Lord of the Flies (Golding)

Discussion Questions
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Also consider these LitLovers talking points to help get a discussion started for Lord of the Flies:

1. Talk about the differences between the two main antagonists, Ralph and Jack. How are they different from one another, and what broad "types" of individuals do they represent?

2. In what way can Piggy with his eye glasses be seen as representing the rational, scientific aspects of society?

3. What role does the conch play? How does it represent a civilizing force?

4. What does the beast represent? How is it used by Jack to control the others? Are there parallels  for "the beast" in the real world, the one outside of fiction?

5. What does Simon mean when he suggests that the beast is only the boys themselves?

6. Why do the littleuns choose to follow Jack and the hunters rather than Ralph? Is it because they feel safer with Jack's group, believing that Jack can protect them? Or do they enjoy what the hunters do?

7. What do you feel Golding's vision of humanity is? Do you think he believes we born with an instinct for peace and cooperation...or for dominance and savagery? Does his vision accord with your own?

8. What do you think about the rules of civilization? Do they free us and enable us to rise to our best selves? Or do the rules constrain our bad nature that lie at the heart of ourselves?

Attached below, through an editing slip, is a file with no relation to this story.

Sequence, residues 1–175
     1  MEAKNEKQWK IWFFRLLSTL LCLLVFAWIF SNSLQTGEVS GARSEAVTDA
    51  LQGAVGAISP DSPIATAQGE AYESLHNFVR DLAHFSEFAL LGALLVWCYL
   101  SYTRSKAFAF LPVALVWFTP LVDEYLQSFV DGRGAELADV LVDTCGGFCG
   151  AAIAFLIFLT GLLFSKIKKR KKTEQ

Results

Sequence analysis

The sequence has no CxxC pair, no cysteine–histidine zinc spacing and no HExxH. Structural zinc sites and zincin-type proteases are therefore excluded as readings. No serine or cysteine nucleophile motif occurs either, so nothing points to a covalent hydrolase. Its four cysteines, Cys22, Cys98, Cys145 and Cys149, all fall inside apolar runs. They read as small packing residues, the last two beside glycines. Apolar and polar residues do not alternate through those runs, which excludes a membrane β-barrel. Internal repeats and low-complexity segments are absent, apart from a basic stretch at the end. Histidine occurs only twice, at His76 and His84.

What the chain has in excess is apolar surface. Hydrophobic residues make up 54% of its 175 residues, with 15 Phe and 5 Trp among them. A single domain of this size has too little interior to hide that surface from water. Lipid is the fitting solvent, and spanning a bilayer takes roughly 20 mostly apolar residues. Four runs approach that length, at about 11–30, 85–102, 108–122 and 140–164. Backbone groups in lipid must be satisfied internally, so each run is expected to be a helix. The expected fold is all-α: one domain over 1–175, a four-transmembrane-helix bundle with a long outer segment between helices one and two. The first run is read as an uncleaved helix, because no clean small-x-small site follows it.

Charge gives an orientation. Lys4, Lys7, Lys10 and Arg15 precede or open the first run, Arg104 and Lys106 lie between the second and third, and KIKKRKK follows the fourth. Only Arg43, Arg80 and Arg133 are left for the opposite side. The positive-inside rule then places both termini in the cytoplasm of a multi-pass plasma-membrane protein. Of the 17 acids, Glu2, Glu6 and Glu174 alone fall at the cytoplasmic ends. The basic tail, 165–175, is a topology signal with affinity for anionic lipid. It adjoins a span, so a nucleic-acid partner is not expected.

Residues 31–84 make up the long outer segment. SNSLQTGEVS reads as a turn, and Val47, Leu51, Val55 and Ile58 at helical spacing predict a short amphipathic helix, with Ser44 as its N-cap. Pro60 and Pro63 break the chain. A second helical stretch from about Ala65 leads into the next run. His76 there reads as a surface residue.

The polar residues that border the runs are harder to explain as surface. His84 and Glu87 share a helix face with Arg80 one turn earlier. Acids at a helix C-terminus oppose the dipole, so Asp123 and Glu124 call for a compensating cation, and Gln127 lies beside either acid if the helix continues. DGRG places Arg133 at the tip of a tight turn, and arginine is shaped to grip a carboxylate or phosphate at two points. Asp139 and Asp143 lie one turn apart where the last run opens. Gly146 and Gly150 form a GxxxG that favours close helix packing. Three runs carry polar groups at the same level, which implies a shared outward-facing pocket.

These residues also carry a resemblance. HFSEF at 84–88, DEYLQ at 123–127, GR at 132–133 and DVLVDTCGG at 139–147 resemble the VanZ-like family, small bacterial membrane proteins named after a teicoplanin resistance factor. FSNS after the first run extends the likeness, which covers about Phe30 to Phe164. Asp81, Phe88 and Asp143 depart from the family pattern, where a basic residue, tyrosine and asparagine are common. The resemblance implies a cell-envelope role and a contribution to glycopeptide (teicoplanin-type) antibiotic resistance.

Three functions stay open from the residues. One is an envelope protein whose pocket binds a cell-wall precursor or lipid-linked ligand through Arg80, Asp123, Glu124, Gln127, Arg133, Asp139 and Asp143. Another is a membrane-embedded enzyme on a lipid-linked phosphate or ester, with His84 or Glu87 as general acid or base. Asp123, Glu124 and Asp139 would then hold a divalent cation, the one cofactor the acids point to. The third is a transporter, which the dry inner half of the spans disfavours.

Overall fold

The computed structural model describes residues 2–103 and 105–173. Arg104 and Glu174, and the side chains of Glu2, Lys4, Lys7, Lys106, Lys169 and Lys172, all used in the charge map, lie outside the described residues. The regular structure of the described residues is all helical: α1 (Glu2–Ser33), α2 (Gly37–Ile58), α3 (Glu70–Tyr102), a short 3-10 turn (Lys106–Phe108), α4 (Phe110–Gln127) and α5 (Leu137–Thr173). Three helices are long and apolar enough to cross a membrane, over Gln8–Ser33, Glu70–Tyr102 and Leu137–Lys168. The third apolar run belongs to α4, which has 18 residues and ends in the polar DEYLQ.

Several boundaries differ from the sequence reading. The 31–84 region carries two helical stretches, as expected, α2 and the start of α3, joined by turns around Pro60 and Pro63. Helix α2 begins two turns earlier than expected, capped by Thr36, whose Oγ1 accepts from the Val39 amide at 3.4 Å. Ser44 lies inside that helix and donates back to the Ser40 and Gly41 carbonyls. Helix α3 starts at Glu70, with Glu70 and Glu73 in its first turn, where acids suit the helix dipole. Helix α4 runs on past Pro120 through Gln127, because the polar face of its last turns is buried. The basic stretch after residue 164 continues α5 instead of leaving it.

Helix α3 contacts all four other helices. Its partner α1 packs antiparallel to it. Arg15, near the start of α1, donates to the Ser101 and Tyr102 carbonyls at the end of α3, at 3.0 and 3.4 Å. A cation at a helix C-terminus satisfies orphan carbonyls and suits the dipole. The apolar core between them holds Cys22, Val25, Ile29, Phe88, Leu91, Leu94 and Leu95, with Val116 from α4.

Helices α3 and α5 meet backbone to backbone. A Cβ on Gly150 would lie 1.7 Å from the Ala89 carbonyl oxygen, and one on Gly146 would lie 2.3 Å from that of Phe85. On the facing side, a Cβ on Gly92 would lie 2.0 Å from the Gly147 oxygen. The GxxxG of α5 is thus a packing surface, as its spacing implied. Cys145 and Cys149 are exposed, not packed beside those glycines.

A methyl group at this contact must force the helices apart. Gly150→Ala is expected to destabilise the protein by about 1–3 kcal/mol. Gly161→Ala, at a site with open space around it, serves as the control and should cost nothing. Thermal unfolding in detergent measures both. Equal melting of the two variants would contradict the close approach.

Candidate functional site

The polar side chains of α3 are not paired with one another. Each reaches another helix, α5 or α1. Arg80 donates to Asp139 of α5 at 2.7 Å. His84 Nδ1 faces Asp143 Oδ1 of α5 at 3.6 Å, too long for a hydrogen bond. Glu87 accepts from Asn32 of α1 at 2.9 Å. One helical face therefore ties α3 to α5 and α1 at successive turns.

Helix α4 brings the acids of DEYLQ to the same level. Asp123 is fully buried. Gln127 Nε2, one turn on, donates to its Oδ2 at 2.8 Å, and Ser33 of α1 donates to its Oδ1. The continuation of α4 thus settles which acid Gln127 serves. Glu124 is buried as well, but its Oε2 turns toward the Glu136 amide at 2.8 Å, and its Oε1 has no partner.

9. What does hunting mean to Jack...at the beginning, and then later? What happens to his mental state after he kills his first pig?

10. What is ironic about the naval officer who arrives to "rescue" the boys? How does Ralph feel about returning to the safety of civilization? Why does he weep—is it relief, or something else?

m. Golding wrote his novel 10 years after the close of  World War II and during the era of Communist containment. In what way does his book reflect the particular world politics of his time? Does the book have relevance today?

(Questions by LitLovers. Please feel free to use them, online or off, with attribution. Thanks.)

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